Initially, when we first heard about the coronavirus, we were clueless and scared. Many of us became obsessive about being careful to keep the virus from calling, especially if over age 65, if we have a preexisting condition or the wrong blood type. Supposedly, A blood types are more susceptible to contracting the virus.
We self-isolated for weeks at a time. Many of those who could, started working or volunteering virtually from home. Stuck in one place, we decluttered because we felt it was one way to mitigate the disorder in our lives… and we had the time. We cooked enough to feed a regiment. And when we burned out on cooking, we ordered in, wiped the take-out containers when they arrived and microwaved the food for 30 seconds—what a production. We also disinfected the countertops, scrubbed our produce with a brush in soap and water and quarantined our mail and packages in a corner of a room designated as our safe spot. Intertwined with all this, we established a hand-washing routine to the tune of happy birthday sung twice.
Unable to go out and socialize, our lives became blah. Lonely. Depressing. The noise in our homes was dead space. So, we turned on our TVs to hear other voices in the background and played lots of music. (For Margaret it was a chance to listen to her favorite classical music, oratorios and operas.) Hungry for human contact, we started video conferencing with friends and family at a furious pace.
As the weeks turned into months, we learned more about how to protect ourselves if we left our cocoons. As the weather improved in the spring, we began to feel the nudge to get outside. Living in New York State, we felt lucky. Gov. Andrew Cuomo’s orders to stay put helped eventually to curtail the high number of coronavirus cases and deaths. As they plummeted, we heaved collective sighs of relief and ventured out a bit more—finally to get haircuts and colorings, to the dentists who put up plastic shields and were garbed in PE suits and to some important doctor appointments. It was okay to go to the grocery store at certain hours or the pharmacy early in the morning when it would be empty. We went in and out quickly and always kept our distances from others with masks on, sometimes more than one mask if we were more nervous that day.
When our grown children deemed it safe, we arranged to see them, our siblings and other relatives. Life didn’t yet seem normal—how could it, but at least we felt we didn’t have to be our own best company all the time. What a relief not to feel that stress.
We also stopped taking our temperature daily—not emotionally but literally pulling out a thermometer to see if the cough, headache or sniffle was leading to the dreaded scourge. At that point, we went back to some of our old ways of taking lots of showers if we went out, washing clothing on the hottest setting possible and hunkering down. And then we’d ease up again.
St. Louisan Debbie Warshawski said her strict adherence to coronavirus restrictions was based on her boyfriend’s compromised health. “He was on chemo, fighting lymphoma and stuck at home through July. I ran all errands - sporting a mask from day one - keeping my distance and employing A LOT of hand washing and wiping. Skip forward to September. Ta da! Limited freedom. We got the doc’s okay to carefully dine at friends’ homes and employ distancing. Now we can shop together. Take walks. But still no direct contact with some family and friends. Hard to believe the permission to shop is a sudden sign of freedom,” she says.
Jill from Madison, Wisconsin, says it's hard to say what is too much risk but she has been cautious and easing up a bit. “Obviously, I don't eat indoors at restaurants, I haven't gone on a plane. But I am grateful for what I have done, especially seeing friends which has kept some semblance of normalcy to my life.”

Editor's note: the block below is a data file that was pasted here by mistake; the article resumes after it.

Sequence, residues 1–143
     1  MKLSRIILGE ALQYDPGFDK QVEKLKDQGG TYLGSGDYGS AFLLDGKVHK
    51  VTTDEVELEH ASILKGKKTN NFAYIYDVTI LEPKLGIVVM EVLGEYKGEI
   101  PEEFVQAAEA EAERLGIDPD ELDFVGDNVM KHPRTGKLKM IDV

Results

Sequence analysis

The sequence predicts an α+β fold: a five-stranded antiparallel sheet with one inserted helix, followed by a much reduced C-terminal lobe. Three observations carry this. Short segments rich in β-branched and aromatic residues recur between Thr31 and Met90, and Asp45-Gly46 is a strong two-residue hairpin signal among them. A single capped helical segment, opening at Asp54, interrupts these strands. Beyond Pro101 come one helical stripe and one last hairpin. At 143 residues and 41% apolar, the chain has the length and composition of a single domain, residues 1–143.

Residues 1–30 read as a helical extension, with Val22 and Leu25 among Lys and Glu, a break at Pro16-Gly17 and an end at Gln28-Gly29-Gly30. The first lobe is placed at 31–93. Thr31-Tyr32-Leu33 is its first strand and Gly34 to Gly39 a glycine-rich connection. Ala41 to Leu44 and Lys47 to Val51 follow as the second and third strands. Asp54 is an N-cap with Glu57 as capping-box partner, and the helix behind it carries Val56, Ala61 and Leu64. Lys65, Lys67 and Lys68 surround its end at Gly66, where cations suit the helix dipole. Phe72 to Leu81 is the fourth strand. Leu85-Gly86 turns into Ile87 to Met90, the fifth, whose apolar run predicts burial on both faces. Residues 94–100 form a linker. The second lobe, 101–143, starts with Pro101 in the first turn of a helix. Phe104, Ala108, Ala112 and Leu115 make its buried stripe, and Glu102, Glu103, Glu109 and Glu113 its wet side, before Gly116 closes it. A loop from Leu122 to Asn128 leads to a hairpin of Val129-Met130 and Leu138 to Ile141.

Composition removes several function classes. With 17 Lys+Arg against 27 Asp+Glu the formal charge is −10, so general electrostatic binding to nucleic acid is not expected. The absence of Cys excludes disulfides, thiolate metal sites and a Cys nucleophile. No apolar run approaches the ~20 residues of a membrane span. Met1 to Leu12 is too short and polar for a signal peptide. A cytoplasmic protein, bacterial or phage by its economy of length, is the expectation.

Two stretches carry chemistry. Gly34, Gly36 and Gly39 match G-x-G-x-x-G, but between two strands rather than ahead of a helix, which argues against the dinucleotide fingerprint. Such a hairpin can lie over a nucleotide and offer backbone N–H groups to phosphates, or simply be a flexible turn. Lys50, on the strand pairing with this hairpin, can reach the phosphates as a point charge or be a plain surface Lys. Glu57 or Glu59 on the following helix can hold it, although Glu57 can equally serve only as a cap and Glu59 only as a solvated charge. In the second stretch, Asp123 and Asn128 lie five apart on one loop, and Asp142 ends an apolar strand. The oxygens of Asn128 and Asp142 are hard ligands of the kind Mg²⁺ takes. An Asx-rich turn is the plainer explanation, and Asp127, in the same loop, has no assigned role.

Julie Singer, who lives in Los Angeles, was hypervigilant about isolating and social distancing. In March, April and May, she and her husband didn’t have anyone in their home outside of immediate family and always wore masks and social distanced. “Recently, we’ve returned to the hair and nail salons. In LA they are open for outside services only. Now we have a housekeeping crew that comes to clean every other week. And I’ve stopped sanitizing the outside of Amazon packages when they arrive!”
Each of us has taken more risks, and we’ve learned that others have, too. Everybody seems to have a different tack. Here’s our list combined with others’ practices. Our biggest fear now is that the colder weather and potential flu season will mean we’ll have to tighten up again. Thanksgiving is coming soon and we feel it’s too dangerous to throw caution to the wind. Dr. Anthony Fauci has supposedly told his daughters they won’t be spending the holiday together.
Friend and family pods. Because we both feel at risk due to age and some pre-existing health conditions, we see few family members and even fewer friends. Barbara has seen four friends who have also been extremely careful, having a socially distant drink with one on the friend’s deck, walking with two others six feet apart and with masks at different times, and staying far apart from the third while she visited at her home outdoors. She has seen each of her two daughters twice but after they all hibernated at home to be safe before gathering. Each also had a virus test. And Barbara was careful when she finally got to see her grandsons after eight months of distance--hugging was fine but not kissing per their instructions from their parents.
Initially, Margaret stayed put. She only saw her two sisters outside to take a walk. She slowly started going into the grocery and pharmacy and most recently, hosted a Jewish holiday dinner in her apartment with her two sisters, niece and son. All the windows were open. Other than going to her son’s apartment to feed the cat or drop off food, she went to dinner at her one sister’s apartment, only the second time since the pandemic she’s been inside some else’s space.
Doctor and dentist appointments. We each started going only after we were convinced the offices were observing all the key protective measures of staff wearing masks, having installed plexiglass walls in offices, allowing in few patients at the same time and so on. The first time Barbara went it was for a consult regarding some important surgery. She was the only one in the office, kept her mask on the entire time but touched and used her phone, which her younger daughter had told her was verboten. By the time she went to the dentist she felt incredibly comfortable, so much so that she made an appointment for another visit come November and urged her beau to do likewise. By the time she had surgery in mid-July in a New York City hospital after it had opened, she also felt daring enough to stay overnight at a hotel associated with the hospital because she had a 6:30 a.m. scheduled time slot.